My favorite photo of my sister and I taken a few years back and Alexis (my son Dylan’s girlfriend who is part of our family now) and Tom and I in Maine.
Have fun this summer and make sure that you try new things..taste different foods, visit new places and learn more about the world around you. Share with me experiences you’ve pursued this summer. I would love to hear from you.
Two weeks ago my husband and I planted our annual vegetable garden. It was quite a project and took longer than we expected. As the sun warmed the earth, there was that sticky change in the air. It was the distinct sign of rain, as bugs went crazy in our face and nibbled at our exposed ears. Although our bout with the annoying insects drove us crazy and tried our patience, we still persevered at our gardening task with a farmer’s steadfast determination.
My husband and I are quite a team because we work together in tandem like a well oiled machine, but we should, as we have been doing this for a few years now. It’s our fourth year planting here at our home overlooking our pond. Before that we worked and enjoyed a vegetable plot for sixteen years. It’s just what we do in June with persistent faith in what will grow. Tom raked the rows and I planted the seeds and plants. After it all was planted and marked, we watered the rows for the first time.
Here we are immersed in the June season…a time to start anew and plant in hopes of mother nature’s cooperation. It’s a rush to plant because if you wait until now it may be too late. The growing season is so short lived here that time is of the essence. I always start the first weekend of June for I fear the weather will have a frost or my delicate saplings won’t make the cold weather. So we plant hurriedly in hopes of a harvest in July, August and September depending on what vegetables they are.
A New England tip for gardener’s is to not only sow seeds but buy or start plants for a head start. I don’t have a sun room or anything ideal to start seeds in February, although a greenhouse would be nice someday! Buying started vegetable plants boosts your garden and you will harvest much quicker than if you started planting seeds. Some veggies grow super fast, so those you can sow seeds and it’s fine. They are green beans, carrots, spinach and lettuce, herbs, and radishes to name a few. I always choose tomato, squash, cucumber and eggplant plants so that I can harvest in June for the cukes and August and September for the rest.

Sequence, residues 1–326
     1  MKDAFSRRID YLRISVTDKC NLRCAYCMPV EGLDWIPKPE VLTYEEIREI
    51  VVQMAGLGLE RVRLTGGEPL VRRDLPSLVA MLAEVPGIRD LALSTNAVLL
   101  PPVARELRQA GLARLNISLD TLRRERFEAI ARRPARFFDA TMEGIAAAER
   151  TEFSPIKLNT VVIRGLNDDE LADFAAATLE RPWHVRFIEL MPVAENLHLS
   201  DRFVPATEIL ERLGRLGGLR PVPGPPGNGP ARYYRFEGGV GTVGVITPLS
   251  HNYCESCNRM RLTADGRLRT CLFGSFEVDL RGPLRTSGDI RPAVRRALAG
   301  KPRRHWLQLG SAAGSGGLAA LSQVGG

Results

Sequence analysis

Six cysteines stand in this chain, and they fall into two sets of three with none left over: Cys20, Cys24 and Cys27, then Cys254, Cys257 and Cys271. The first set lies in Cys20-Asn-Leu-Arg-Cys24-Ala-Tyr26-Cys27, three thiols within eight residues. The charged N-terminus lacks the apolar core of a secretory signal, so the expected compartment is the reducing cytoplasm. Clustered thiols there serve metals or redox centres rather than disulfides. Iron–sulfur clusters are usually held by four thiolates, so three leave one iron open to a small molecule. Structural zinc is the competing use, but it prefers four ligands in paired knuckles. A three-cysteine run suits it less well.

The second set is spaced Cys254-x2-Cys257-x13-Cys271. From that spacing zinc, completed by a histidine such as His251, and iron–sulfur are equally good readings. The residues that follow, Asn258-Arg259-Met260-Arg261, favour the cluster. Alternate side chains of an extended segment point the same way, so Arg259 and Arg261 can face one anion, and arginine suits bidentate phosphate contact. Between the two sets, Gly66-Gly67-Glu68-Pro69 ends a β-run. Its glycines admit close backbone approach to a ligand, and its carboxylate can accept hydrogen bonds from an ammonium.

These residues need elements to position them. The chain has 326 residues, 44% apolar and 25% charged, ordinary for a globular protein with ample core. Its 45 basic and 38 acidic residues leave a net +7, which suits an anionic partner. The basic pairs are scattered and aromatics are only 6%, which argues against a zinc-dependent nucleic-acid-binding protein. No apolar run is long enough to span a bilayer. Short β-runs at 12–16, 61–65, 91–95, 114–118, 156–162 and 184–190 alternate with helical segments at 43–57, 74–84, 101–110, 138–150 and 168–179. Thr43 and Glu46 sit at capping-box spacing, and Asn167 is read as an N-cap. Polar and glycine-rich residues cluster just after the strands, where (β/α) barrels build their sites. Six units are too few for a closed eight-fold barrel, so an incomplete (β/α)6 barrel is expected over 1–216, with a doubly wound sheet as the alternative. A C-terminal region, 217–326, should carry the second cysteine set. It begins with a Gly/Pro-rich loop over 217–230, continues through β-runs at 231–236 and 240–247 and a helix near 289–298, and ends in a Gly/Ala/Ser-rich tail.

In previous years my dad always has his ground seeds planted by mid May while my plot hasn’t even been tilled yet! The amazing thing is that he lives even more north of me and has different weather but it seems to always work out for him. I have to remember that he’s retired as well and has more time on his hands than me! This year he has a little greenhouse with shelves in it to grow veggies in containers and then he’s placing the containers outside where his garden was. I wish him well with his new system and there will be less weeds doing it this way.
This year we had a deluge of rain, raining just about every day and as that happened, our brook bordering our woods was churning and bubbling fast because of all the water rush. I hoped that our seeds wouldn’t rot in all the muck but with wishful thinking and the warm sun pulling its weight now, it all will be fine.
Gardening takes lots of patience…patience for it to happen on it’s terms and not yours. Here it’s been two weeks since I planted and little has changed with the plants, although most planted seeds have sprouted from the earth. I can continuously check every day like an anxious elementary child who has sown her bean seed in a little cup. Even so, if I constantly watch for some growth, it’s definitely not going to speed up it’s progress.
This year our vegetable garden includes corn, green beans, carrots, two kinds of cucumbers ( straight 8’s and pickling), beets, spinach, Swiss chard, lettuce, basil, thyme, broccoli, cauliflower, eggplant, buttercup squash, zucchini and summer squash, tomatoes ( cherry and early girl), and marigolds lined up as soldiers to ward off the pests.
Have you planted your garden yet? What did you plant for your family and friends? I wish you many harvested goodies from your countless hours of gardening! The pure gift of sunshine and freshly fallen rain helps a bunch and a never ending faith of what will be.